February 26, 2023

Ukraine prepares spring counter-offensive to sever Crimea links with Russian mainland

Institute for the Study of War

Tonight’s abbreviated campaign update focuses on Russian President Vladimir Putin’s attempt to avoid ordering involuntary mobilization by launching a series of irregular volunteer force generation campaigns since late May 2022 and the consequences of that attempt. Putin sought to satisfy the requirement for replacements following Russian defeats around Kyiv by conducting a voluntary recruitment campaign building on the existing campaigns already being conducted by quasi-official ultranationalist groups such as the Donetsk and Luhansk People’s Republics (DNR and LNR) or the Wagner Group. Putin unsuccessfully attempted to establish new all-volunteer formations over the summer that competed with other existing quasi-official formations. Putin eventually abandoned his volunteer recruitment campaign after Ukrainian forces liberated much of Kharkiv Oblast between September 6 and September 11, ordering partial reserve mobilization on September 21.

The specter of limitless Russian manpower is a myth. Putin has already been forced to make difficult and suboptimal choices to offset the terrible losses his war has inflicted on the Russian military, and he will face similarly difficult choices in 2023 if he persists in his determination to use military force to impose his will on Ukraine and the West. Russia can mobilize more manpower, and Putin will likely do so rather than give up. But the costs to Putin and Russia of the measures he will likely need to take at this point will begin to mount rapidly.

Key inflections in ongoing military operations on February 26:

  • Deputy Head of the Ukrainian Main Intelligence Directorate (GUR) Vadym Skibitsky stated that Ukrainian forces will be ready for a counteroffensive this upcoming spring and that one of Ukraine’s strategic goals will be to drive a wedge into the Russian front in southern Ukraine between Crimea and the Russian mainland.[43]
  • Russian President Vladimir Putin falsely stated that the West is trying to break up the Russian Federation and suggested that Western security assistance to Ukraine makes the West a participant in the war.[44] Putin leaned on a longstanding rhetorical line of effort for raising domestic support for the war by falsely claiming that the West is threatening the survival of the Russian people as a unified ethnic group.[45]
  • Russian Defense Minister Sergei Shoigu stated that the types of systems that the West provides to Ukraine will determine how far Russian forces need to push threats away from Russia’s borders, likely in support of an ongoing Russian information operation aimed at discouraging the Western provision of specific systems to Ukraine.[46]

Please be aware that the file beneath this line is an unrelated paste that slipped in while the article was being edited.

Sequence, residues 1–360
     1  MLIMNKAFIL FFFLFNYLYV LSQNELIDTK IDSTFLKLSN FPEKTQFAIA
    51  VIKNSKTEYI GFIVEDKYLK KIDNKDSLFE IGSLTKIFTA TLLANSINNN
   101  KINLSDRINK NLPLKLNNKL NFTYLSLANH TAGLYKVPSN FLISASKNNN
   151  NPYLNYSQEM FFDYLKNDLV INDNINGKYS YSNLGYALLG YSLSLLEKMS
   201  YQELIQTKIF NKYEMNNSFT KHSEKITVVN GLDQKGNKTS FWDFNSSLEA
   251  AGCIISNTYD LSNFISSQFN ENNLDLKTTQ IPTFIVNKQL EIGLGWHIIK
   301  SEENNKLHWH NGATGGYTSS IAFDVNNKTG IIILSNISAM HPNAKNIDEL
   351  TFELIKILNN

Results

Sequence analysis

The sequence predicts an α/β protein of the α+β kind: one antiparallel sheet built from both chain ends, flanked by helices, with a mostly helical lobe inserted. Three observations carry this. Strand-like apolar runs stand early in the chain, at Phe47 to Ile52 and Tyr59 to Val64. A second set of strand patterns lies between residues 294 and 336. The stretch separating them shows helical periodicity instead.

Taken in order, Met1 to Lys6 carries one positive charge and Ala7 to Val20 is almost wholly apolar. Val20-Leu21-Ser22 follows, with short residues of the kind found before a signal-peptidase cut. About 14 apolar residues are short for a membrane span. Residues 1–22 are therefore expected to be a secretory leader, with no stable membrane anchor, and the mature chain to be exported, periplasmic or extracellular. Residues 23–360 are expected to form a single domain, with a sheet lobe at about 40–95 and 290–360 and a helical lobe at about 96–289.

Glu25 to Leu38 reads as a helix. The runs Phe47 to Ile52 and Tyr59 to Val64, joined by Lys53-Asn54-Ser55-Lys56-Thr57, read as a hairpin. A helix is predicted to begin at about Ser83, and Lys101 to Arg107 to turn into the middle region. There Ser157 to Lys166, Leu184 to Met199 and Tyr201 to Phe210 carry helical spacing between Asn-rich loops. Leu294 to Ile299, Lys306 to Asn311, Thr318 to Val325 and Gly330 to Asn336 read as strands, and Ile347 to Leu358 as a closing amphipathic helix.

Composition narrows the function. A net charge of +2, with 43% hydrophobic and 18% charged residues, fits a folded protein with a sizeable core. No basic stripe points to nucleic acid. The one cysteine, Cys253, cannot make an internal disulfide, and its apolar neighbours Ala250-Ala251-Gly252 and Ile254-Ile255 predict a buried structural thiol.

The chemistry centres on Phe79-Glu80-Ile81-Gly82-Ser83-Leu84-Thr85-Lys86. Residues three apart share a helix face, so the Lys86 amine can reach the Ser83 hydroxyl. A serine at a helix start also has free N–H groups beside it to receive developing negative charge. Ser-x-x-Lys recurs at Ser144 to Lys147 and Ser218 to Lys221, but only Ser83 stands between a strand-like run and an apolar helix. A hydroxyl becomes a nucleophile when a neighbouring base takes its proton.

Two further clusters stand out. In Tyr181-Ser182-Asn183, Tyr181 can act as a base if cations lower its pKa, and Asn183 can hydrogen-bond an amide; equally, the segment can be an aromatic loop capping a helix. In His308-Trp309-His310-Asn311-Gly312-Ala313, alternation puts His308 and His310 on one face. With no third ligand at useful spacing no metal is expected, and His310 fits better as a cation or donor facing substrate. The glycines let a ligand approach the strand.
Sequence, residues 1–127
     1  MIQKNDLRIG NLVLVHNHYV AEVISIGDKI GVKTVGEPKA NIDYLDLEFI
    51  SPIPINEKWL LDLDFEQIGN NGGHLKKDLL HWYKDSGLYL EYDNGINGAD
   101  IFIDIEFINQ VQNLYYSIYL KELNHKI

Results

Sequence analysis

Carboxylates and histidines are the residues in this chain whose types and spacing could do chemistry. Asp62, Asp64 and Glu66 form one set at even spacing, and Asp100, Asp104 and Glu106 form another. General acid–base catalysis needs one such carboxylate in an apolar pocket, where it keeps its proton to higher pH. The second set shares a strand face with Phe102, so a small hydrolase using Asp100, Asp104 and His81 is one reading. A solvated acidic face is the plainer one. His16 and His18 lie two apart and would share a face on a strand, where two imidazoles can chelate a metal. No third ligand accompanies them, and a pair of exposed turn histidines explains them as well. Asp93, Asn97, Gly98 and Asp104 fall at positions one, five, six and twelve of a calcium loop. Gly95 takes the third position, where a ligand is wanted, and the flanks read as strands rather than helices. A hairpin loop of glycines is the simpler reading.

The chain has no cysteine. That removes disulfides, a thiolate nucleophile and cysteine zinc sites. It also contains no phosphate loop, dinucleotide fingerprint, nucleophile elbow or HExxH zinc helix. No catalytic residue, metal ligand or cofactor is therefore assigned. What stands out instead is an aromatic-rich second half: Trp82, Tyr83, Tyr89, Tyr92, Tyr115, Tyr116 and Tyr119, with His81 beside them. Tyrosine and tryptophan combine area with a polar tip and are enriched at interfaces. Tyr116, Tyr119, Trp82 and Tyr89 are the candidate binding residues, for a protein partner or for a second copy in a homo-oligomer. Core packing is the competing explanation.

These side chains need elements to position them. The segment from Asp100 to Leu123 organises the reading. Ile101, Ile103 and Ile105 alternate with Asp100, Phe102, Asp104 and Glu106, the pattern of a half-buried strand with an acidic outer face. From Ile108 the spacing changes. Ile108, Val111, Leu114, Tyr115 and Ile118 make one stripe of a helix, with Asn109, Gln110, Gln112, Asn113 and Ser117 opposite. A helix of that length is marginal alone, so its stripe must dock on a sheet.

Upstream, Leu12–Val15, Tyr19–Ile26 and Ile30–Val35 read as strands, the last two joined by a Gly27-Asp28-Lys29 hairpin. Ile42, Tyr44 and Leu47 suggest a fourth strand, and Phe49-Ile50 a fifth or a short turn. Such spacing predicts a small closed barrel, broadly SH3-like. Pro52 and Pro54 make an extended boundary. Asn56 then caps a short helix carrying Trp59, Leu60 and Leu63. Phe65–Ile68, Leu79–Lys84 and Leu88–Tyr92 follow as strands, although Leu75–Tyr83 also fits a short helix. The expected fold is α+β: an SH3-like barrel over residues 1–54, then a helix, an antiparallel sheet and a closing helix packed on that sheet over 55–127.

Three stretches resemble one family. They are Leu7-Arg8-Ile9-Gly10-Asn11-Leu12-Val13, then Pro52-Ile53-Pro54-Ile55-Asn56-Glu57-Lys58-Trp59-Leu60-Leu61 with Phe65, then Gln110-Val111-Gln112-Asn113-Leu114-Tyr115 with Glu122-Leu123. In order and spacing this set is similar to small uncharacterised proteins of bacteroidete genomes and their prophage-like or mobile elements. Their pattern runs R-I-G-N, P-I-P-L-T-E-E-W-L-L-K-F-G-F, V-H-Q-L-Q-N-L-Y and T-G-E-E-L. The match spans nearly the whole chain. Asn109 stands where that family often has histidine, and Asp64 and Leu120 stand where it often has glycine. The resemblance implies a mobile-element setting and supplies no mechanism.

• US Central Intelligence Director William Burns stated on February 25 that the CIA is confident that Chinese leadership is considering the provision of lethal equipment to Russia but has not made a final decision.[47]
  • Russian forces continued to conduct unsuccessful operations northwest of Svatove and near Kreminna.[48]
  • Russian forces continued offensive operations around Bakhmut, and a prominent Russian milblogger claimed that Russian forces made further advances north of the city.[49]
  • Russian forces continued offensive operations along the western outskirts of Donetsk City and in western Donetsk Oblast.[50]
  • Representative of the Ukrainian Tavriisk operational direction Oleksiy Dmytrashkivyskyi reported that Russian forces are accumulating a large amount of Russian personnel and equipment near Vasylivka and Hulyaipole in Zaporizhia Oblast.[51]
  • Head of the Ukrainian Joint Coordination Press Center of the Southern Forces Nataliya Humenyuk stated that Russian forces are continuing to construct defensive fortifications in Crimea.[52] Humenyuk also reported that Russian forces conducted failed attempts to mine islands in the Dnipro River delta and are mining the east (left) bank of the Dnipro River in Kherson Oblast.[53]
  • A Ukrainian military officer reported that Russian forces are replacing Battalion Tactical Groups (BTGs) with a new unit called the “Assault Unit” or “Assault Detachment” due to failures with their current assault tactics.[54] The Ukrainian military officer stated that Russian forces are transitioning from larger structures to smaller, more agile assault units that rely heavily on artillery support that are customizable to specific mission requirements.[55]
  • Russian military personnel from the 1439th  Regiment from Irkutsk Oblast released a video complaining about being subordinated under DNR commanders in Ukraine, further indicating that the Russian Ministry of Defense may be continuing to integrate DNR formations into the Russian Armed Forces through the subordination of mobilized personnel to these formations.[56]
  • Independent Russian outlet Dozhd reported that it identified communication between the Russian Ministry of Education and regional guardianship authorities revealing that Russian officials forcibly deported 400 Ukrainian children to Russian territory in August 2022.[57] Dozhd reported that 36 children had been placed into foster care by mid-January 2023 and that boarding schools received instructions not to place the children with families with Russian citizenship.[58] Dozhd also stated that Russian officials are subjecting the children to Russian patriotic-military education programs.[59]
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